The Hydrogen Council, a global coalition of 90+ CEOs working to enable the energy transition through hydrogen, calls on governments around the world to invest in hydrogen as part of their COVID-19 recovery plans. Hydrogen technologies can empower a more robust, resilient and sustainable economy; however, urgent action and global collaboration is required to deliver on their unique potential.
What is at stake
The COVID-19 pandemic has caused a massive contraction in many industries, in addition to the devastating global health impact. The response to this unprecedented economic and societal shock will be a defining moment for the energy transition and international efforts to combat the climate crisis.
To limit global warming to 1.5 degrees Celsius and prevent the most serious potential impacts of climate change, including increased vulnerability to pandemics, we need long-term thinking and massive investments in game-changing, systemic solutions such as hydrogen.
Governments are increasingly recognizing hydrogen’s ability to decarbonize sectors that are otherwise impossible or difficult to abate – such as intensive personal or collective transport, freight logistics, industrial heating and industry feedstock – and its role in improving energy security. Meanwhile, industry leaders across the automotive, chemicals, oil and gas, and heating sectors look to low-carbon hydrogen as a serious alternative to reach their increasingly ambitious sustainability objectives.
What we recommend
The Hydrogen Council joins the International Energy Agency and other leading organisations in a call to accelerate clean energy innovation and firmly place the energy transition at the heart of all recovery measures.
As a global advisory body, we stand ready to share the Council’s extensive knowledge and expertise and serve as a partner to governments working to design economic recovery plans with hydrogen as part of their strategy.
We fully acknowledge that different countries have their own unique set of circumstances, priorities and approaches. However, the following principles can serve as general guidance world-wide:
- As a basis, we recommend that hydrogen be part of any national or international recovery efforts and stimulus measures, as its systemic role will be key to completing the massive transformation required to deliver a truly sustainable, secure and resilient energy system.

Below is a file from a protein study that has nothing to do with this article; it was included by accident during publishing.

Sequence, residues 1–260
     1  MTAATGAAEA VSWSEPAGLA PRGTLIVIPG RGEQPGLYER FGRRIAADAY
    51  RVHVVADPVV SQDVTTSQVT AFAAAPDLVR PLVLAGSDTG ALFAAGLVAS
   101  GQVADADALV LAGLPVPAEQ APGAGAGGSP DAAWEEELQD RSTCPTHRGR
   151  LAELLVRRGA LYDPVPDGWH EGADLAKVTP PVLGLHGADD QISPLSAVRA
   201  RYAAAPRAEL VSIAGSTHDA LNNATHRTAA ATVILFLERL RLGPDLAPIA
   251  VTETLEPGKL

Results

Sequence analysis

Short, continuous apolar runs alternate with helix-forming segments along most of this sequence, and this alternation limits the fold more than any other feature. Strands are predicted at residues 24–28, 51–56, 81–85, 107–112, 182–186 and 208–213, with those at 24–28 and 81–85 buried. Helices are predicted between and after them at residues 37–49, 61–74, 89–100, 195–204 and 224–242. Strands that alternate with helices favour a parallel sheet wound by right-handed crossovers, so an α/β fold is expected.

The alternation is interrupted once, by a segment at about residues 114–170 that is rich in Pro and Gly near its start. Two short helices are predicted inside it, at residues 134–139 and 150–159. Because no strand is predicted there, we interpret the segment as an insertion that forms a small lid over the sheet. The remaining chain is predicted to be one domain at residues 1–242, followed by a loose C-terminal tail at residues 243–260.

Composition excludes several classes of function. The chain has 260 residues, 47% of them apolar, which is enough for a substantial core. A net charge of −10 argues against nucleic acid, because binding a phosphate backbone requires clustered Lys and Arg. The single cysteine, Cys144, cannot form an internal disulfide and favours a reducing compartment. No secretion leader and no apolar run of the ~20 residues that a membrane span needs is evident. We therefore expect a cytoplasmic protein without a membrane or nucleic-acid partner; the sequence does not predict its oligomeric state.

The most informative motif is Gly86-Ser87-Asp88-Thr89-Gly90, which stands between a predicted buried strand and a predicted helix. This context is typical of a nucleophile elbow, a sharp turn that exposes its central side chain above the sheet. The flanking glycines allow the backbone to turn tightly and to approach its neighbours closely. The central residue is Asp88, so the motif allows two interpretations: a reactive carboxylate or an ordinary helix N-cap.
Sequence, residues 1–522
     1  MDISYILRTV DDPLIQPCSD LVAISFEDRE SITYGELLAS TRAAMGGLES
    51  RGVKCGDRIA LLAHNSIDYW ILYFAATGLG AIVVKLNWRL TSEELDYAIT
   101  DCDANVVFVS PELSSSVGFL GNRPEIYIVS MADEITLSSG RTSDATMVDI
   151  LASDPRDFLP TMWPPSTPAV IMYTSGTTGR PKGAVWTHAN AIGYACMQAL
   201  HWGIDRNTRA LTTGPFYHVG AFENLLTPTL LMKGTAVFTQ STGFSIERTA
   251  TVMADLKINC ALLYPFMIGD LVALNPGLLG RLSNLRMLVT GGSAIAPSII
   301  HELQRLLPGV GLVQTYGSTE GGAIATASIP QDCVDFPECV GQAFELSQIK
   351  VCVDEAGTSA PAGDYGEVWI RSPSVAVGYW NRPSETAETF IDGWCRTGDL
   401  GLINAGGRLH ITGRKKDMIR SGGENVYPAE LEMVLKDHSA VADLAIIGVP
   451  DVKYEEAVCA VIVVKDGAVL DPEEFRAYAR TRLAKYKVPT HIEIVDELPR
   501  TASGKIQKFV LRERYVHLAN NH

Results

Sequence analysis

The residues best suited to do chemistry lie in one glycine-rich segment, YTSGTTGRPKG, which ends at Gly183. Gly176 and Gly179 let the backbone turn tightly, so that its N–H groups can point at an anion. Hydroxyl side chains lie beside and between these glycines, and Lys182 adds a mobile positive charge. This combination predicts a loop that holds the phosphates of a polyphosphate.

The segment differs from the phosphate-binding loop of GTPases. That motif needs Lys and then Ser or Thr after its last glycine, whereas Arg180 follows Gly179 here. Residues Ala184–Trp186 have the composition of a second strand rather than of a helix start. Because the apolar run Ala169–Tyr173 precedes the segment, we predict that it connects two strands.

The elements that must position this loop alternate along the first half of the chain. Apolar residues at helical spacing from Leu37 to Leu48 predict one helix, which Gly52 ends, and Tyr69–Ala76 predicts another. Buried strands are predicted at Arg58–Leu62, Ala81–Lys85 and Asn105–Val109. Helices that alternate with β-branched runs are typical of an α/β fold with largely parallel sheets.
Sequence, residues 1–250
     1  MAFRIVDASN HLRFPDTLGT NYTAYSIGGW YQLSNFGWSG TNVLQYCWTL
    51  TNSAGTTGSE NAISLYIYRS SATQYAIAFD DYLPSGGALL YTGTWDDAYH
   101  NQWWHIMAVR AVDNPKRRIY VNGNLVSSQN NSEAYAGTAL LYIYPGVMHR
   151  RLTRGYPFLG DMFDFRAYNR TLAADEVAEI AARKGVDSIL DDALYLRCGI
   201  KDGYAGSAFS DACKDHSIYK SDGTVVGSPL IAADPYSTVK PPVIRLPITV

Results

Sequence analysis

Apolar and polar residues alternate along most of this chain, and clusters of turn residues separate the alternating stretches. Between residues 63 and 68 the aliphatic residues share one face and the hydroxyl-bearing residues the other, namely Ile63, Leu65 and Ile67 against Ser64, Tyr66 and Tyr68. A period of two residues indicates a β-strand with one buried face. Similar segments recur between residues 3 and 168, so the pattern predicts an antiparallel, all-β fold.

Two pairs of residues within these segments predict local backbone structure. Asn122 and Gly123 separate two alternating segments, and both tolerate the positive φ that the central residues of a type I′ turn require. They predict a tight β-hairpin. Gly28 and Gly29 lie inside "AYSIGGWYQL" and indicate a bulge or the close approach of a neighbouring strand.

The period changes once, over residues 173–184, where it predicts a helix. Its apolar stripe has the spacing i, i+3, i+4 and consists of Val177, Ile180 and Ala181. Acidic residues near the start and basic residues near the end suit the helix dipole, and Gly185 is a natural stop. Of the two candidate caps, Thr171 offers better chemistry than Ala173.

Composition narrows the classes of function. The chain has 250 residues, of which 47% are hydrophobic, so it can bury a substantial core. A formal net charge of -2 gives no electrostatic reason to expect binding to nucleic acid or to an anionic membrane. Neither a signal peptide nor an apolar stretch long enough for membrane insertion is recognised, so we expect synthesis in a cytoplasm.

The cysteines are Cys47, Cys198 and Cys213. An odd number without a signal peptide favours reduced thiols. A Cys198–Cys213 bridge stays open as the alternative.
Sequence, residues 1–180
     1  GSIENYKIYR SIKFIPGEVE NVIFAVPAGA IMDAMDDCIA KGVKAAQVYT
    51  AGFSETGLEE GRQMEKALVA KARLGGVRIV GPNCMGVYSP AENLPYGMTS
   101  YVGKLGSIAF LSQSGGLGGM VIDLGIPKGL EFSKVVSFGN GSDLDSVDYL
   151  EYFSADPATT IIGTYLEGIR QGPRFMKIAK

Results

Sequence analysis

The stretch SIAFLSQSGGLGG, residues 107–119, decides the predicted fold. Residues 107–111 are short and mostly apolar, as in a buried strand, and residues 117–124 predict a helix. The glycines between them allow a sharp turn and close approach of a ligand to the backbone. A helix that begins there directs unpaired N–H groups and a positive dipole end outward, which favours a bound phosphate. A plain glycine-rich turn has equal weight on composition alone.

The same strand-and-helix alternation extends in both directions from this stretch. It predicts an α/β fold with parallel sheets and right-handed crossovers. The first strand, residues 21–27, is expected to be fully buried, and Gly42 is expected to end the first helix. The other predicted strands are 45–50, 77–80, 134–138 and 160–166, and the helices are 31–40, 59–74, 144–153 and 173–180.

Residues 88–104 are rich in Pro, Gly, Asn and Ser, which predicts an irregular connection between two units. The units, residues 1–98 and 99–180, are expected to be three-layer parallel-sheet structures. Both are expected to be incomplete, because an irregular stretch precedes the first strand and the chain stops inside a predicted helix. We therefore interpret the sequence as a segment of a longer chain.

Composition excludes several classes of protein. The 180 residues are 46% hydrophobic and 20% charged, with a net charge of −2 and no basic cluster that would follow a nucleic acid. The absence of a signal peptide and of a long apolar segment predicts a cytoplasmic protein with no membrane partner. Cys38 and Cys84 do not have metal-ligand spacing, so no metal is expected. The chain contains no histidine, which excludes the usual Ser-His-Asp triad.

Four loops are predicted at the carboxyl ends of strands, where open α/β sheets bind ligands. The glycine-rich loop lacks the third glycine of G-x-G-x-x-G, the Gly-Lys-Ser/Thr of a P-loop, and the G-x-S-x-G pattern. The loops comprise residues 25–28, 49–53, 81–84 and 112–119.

- Economic recovery measures should support large scale initiatives that can accelerate cost competitiveness of hydrogen with a focus on the 18 applications identified in the “Roadmap to Hydrogen Competitiveness”.
- All renewable and low-carbon hydrogen production pathways should be considered and supported, as this will enable a competitive market between technologies and ensure that existing assets are used and converted to increase system resilience.
- Transport is responsible for a quarter of direct global CO2 emissions from fuel combustion. Investment to scale up hydrogen used in transport-related applications is needed to reduce costs and ensure there is sufficient downstream infrastructure available. Along with direct electrification, hydrogen solutions (such as fuel cell vehicles and hydrogen-derived e-fuels) will be needed to fully decarbonise the transport sector.
- Renewable and/or low-carbon hydrogen can contribute to decarbonisation of industry now and should be supported by a mix of low-carbon hydrogen value support schemes and dedicated support for scale projects for the use of hydrogen as a new fuel or feedstock for hard-to-abate sectors such as steel and chemicals.
- Specific new support schemes are needed to overcome remaining challenges. These tools may include public-private partnerships to overcome market failure situations on the infrastructure side, contracts-for-difference or dedicated multi-annual mechanisms (such as grants and tax incentives) to offset the premium of renewable and/or low carbon hydrogen to end consumers.
- Global collaboration is a key prerequisite to enabling a robust marketplace that spurs competition and innovation, especially when it comes to harmonisation of codes, standards and regulations. Similarly, seeing ambitious strategies put in place in a handful of leading geographies is encouraging; however, this may not be enough to scale hydrogen to the level needed to achieve our shared climate targets. A comprehensive global action is required.
The Hydrogen Council estimates that hydrogen could deliver 18% of global energy demand, abate 6 Gt of CO2 annually and create 30 million jobs by mid-century. For many industry sectors, that is just one investment cycle away. By investing today, governments can stimulate employment throughout the value chain, from construction and utility workers, office support functions and highly skilled engineer and university resources to address the challenges that a complex sector build-up presents. Innovative small businesses through large multinational finance and energy companies are investing in this space, and government support to foster growth will ensure the benefits are felt throughout the value chain and the entire economy.